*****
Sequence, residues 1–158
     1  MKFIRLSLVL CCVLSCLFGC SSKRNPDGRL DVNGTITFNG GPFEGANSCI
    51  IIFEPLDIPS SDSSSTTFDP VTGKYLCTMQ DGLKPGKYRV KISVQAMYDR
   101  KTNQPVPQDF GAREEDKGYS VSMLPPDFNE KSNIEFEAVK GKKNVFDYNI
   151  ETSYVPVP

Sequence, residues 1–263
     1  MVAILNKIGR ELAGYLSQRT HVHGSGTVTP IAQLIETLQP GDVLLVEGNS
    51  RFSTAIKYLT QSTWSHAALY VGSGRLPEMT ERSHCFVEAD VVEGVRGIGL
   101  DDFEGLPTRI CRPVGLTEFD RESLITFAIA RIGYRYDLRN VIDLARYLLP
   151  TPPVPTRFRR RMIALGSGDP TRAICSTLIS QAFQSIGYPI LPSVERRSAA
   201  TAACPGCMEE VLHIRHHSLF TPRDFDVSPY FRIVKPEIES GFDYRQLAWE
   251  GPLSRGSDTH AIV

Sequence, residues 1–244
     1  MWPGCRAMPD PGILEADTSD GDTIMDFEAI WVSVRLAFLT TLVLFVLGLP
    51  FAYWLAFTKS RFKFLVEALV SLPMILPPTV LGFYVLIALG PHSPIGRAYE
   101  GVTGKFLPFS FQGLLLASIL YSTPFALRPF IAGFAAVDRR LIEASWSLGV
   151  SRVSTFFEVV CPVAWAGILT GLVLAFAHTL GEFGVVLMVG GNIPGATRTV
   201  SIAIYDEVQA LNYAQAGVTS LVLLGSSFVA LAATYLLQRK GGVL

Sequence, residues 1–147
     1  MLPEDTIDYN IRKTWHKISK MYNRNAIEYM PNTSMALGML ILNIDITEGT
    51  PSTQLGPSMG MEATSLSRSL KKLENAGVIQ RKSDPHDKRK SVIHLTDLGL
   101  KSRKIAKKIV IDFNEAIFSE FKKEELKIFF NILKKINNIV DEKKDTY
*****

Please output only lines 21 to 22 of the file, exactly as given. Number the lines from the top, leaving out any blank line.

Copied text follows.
    51  PSTQLGPSMG MEATSLSRSL KKLENAGVIQ RKSDPHDKRK SVIHLTDLGL
   101  KSRKIAKKIV IDFNEAIFSE FKKEELKIFF NILKKINNIV DEKKDTY